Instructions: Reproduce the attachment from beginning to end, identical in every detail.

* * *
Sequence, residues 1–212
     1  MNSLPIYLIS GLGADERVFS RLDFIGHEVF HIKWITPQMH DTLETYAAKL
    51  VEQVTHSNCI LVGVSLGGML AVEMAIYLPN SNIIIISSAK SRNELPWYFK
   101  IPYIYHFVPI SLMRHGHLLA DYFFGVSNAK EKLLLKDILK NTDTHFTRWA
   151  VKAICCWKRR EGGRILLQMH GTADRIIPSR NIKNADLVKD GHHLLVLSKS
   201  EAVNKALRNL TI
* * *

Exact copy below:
Sequence, residues 1–212
     1  MNSLPIYLIS GLGADERVFS RLDFIGHEVF HIKWITPQMH DTLETYAAKL
    51  VEQVTHSNCI LVGVSLGGML AVEMAIYLPN SNIIIISSAK SRNELPWYFK
   101  IPYIYHFVPI SLMRHGHLLA DYFFGVSNAK EKLLLKDILK NTDTHFTRWA
   151  VKAICCWKRR EGGRILLQMH GTADRIIPSR NIKNADLVKD GHHLLVLSKS
   201  EAVNKALRNL TI